States call for constitutional convention over WorkChoices decision

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States call for constitutional convention over WorkChoices decision

State Premiers have called for a constitutional convention on State and Commonwealth powers after yesterday's High Court decision on the WorkChoices IR laws.

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State Premiers have called for a constitutional convention on State and Commonwealth powers after yesterday's High Court decision on the WorkChoices IR laws.

In the wake of the High Court decision, Opposition Leader, Kim Beazley, has already signalled major changes could be made in cooperation with the States, while Prime Minister John Howard says there will be no extension of the Commonwealth's powers under his government unless they are 'in the national interest'.

The Democrats, however, support a constitutional convention that would look at abolishing the States, as well as other matters.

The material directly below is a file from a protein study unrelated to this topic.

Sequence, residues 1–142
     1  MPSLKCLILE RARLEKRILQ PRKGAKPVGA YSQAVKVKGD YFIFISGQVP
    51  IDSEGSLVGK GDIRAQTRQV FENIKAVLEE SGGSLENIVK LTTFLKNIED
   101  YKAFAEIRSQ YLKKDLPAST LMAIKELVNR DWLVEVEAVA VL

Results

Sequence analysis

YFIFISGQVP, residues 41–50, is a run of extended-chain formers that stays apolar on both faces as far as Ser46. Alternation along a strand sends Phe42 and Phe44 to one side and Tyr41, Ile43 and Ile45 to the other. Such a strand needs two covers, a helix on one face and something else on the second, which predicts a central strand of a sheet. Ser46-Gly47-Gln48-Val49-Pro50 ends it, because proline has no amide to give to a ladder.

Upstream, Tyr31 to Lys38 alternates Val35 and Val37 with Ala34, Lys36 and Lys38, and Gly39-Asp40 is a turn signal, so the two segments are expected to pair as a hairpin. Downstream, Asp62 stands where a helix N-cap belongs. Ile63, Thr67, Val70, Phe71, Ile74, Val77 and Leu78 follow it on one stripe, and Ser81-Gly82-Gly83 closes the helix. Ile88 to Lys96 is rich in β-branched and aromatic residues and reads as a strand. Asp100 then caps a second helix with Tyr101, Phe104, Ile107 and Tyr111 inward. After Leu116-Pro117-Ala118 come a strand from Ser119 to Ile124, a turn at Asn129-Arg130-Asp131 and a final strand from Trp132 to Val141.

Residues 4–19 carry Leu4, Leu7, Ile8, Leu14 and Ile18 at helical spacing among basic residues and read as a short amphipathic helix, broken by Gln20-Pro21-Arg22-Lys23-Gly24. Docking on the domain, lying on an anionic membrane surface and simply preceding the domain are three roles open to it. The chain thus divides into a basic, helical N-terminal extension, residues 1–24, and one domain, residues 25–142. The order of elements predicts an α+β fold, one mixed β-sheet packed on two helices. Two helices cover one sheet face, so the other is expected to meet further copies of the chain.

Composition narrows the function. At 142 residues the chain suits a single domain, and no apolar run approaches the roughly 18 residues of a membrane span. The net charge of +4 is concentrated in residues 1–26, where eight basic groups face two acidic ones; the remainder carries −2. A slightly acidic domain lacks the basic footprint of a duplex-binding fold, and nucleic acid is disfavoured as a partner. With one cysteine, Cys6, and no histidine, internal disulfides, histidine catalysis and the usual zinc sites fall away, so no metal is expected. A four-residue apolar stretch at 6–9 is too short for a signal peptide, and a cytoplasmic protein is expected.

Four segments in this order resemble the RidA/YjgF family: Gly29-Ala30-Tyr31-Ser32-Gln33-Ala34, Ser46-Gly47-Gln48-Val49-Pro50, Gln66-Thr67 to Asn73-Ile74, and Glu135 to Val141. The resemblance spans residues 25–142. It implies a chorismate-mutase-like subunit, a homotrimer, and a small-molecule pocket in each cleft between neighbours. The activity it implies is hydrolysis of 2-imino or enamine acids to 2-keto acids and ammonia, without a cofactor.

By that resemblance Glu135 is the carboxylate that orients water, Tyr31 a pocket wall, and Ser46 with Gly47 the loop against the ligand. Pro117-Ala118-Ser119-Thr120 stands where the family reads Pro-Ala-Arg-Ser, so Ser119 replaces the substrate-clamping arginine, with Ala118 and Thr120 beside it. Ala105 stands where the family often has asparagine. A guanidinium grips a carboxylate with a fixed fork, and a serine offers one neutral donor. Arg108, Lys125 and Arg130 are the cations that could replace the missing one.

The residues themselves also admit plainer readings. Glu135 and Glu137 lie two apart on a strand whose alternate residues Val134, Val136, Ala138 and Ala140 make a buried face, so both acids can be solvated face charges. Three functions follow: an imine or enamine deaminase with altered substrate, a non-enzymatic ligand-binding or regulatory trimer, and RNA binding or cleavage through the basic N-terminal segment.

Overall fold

South Australian Premier Mike Rann today called for a constitutional convention to sort out Federal-State responsibilities. Queensland Premier Peter Beattie also supports a convention.

Fundamental shift

Rann said the convention should be held in Canberra in 2008, after the next Federal election, and on the 10th anniversary of the last constitutional gathering.

Queensland Premier Peter Beattie said the High Court ruling has generated a fundamental shift in Commonwealth-State relations and he has called for a Constitutional convention.

'I think we have a responsibility to try and make the current federation work,' he said. 'This is a major shift and unless we in some way address the future role for the States and the Commonwealth, then frankly we are going to be wasting taxpayers' money.'

Undermines powers

The High Court decision has raised concerns among the States, ALP and union leaders that the Federal Government now has the power to take over other State responsibilities, such as health and education through the extension of its now-validated corporations powers.